Friday, February 23, 2024

With $60 Billion In Assets, 23 VC Firms Just Launched the Venture Climate Alliance


Twenty-three VC firms from the U.S. and Europe that manage more than $60 billion in assets have announced the launch of the Venture Climate Alliance to support the transition to net zero carbon emissions by 2050.

The Venture Climate Alliance (VCA) says its aim is to build a strong movement within the venture industry to fight climate change, specifically as venture-backed climate tech innovation has gained momentum in recent years.

Founding members of the VCA include Prelude Ventures, Capricorn Investment Group, DCVC, Energy Impact Partners, Galvanize Climate Solutions, S2G Ventures, Union Square Ventures, Tiger Global, World Fund and 2150; along with Obvious Ventures, Congruent Ventures, Valo Ventures, Clean Energy Ventures, Fifth Wall, Overture Ventures, Blackhorn Ventures, Spring Lane Capital, Azolla Ventures, Systemiq Capital, The Westly Group, Innovation Endeavors, and ReGen Ventures. VCA is supported by climate finance advisory firm, Great Circle Capital Advisors.

Collectively the firms manage more than $62.3 billion in assets.

wind turbines
Courtesy Gonz DDL | Unsplash

VCA will support portfolio companies with decarbonization guidance across supply chains, transport, and tech, including emissions-free data centers and less energy-intensive software.

“Our goal is to bridge the gap between what’s happening in public markets, where hundreds of companies have made bold forward-looking net zero commitments–and early stage innovation, which has the potential to decarbonize legacy industries through a combination of better products, more efficient processes, and lower costs,” Alexandra Harbour, founder and chair of the VCA and a principal at Prelude Ventures, said in a statement.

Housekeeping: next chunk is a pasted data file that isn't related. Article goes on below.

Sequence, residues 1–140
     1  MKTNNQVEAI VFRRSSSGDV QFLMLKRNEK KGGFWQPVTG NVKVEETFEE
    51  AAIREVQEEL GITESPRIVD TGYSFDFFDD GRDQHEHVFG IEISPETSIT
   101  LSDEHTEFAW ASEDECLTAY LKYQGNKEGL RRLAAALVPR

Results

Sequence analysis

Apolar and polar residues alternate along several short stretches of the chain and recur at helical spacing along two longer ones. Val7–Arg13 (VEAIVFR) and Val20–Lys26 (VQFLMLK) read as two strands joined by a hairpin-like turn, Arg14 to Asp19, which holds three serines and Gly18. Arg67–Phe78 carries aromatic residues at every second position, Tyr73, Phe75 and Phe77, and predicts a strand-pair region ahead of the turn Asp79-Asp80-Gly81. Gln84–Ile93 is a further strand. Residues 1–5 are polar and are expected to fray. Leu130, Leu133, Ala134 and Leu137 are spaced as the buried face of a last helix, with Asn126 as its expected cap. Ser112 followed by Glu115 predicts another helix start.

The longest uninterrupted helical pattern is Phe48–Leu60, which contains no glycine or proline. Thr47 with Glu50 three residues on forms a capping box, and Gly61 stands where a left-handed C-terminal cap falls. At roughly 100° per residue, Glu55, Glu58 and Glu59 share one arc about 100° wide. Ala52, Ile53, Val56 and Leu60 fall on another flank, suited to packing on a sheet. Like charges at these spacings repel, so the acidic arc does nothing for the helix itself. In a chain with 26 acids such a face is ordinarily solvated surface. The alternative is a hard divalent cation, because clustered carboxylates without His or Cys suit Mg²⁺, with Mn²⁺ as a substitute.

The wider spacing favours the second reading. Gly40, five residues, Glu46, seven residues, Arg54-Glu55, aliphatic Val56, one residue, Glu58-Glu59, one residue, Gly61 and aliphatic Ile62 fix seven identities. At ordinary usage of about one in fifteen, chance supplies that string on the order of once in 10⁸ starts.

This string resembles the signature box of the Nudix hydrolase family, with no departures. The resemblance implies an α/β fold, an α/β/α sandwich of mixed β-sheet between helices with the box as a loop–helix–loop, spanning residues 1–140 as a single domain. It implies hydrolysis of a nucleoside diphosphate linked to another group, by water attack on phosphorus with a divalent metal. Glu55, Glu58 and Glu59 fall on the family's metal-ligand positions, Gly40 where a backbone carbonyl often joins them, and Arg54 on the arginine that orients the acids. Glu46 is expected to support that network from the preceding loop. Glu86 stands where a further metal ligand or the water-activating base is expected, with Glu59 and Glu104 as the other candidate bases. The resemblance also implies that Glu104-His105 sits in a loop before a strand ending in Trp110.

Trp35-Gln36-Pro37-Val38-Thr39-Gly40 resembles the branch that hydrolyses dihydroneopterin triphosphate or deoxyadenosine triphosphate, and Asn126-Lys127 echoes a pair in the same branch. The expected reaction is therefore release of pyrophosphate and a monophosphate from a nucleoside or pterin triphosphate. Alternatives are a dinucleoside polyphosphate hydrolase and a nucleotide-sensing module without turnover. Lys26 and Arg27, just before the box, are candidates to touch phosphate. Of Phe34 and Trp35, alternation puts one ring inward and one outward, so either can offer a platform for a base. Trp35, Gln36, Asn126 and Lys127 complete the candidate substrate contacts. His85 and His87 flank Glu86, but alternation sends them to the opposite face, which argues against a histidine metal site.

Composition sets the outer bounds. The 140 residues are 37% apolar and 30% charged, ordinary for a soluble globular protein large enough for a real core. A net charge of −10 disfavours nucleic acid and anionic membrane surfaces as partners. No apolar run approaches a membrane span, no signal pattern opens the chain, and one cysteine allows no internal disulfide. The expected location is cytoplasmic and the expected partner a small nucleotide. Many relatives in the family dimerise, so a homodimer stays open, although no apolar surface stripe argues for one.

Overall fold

The VCA member firms have all pledged to inventory their direct Scope 1-3 carbon footprint. They have all also agreed that their own firms will reach net zero or negative emissions by 2030. Their portfolio companies will set targets to help them achieve net zero alignment by 2050, and will report transparently on their progress over time.

VCA says these commitments will establish “stage-dependent” climate-aligned goals as a part of startups’ growth strategies, instead of as late-stage adjustments.

wall street
Courtesy LoLo | Unsplash

“We invest in climate tech companies that are transforming multi-billion dollar industries,” said Gabriel Kra, managing director at Prelude Ventures and founding member of the VCA. “As public markets, asset managers, and policymakers implement 2050 decarbonization goals, disclosure of climate-related risks, carbon emissions, and impact will matter for everyone– including those at the earliest stages of business building. As investors, it’s our role to prepare our teams for the realities of the markets that they’re operating in.”

The VCA has earned approval from the United Nation’s Climate Change High-Level Champions Race to Zero campaign. Its formation also constitutes a new sector-specific alliance under the Glasgow Financial Alliance for Net Zero (GFANZ). It will work with GFANZ to help develop climate-focused tools and methodologies for early-stage investments.

The VCA will work alongside other sector-specific alliances within GFANZ to develop methodologies and tools appropriate for early-stage investments, and to share expertise on climate solutions across the broader financial sector.

Membership to the VCA is open to any venture capital firm or divisions of larger firms as long as entry criteria are met, the group says.

solar panels
Solar energy. Courtesy Moritz Kindler | Unsplash

“Net zero for thee but not for me is no longer a workable solution,” said Daniel Firger, co-founder and lead advisor of the VCA and managing director of Great Circle Capital Advisors. “If we’re serious about moving the entire world economy into alignment with a pathway to net zero emissions, we must consider the critical role that private markets play in that journey.”

The announcement comes as VC investments have seen significant declines in the past year with inflation and Silicon Valley Bank’s collapse making investors gun shy.

Despite the overall decline, climate investments ticked up last year to more than $70 billion — up 89 percent from 2021. Europe’s climate tech ecosystem was valued at more than $100 billion in 2021, more than double its 2020 value.

“What we find fascinating about climate tech companies is that – as opposed to the great venture stories of the last decade like Uber and Airbnb – they aren’t creating new markets,” Matus Maar, co-founder and managing partner at Talis, said in a statement accompanying its 2022 report. “Instead, they’re approaching some of the largest existing markets and reinventing them with sustainable alternatives.”

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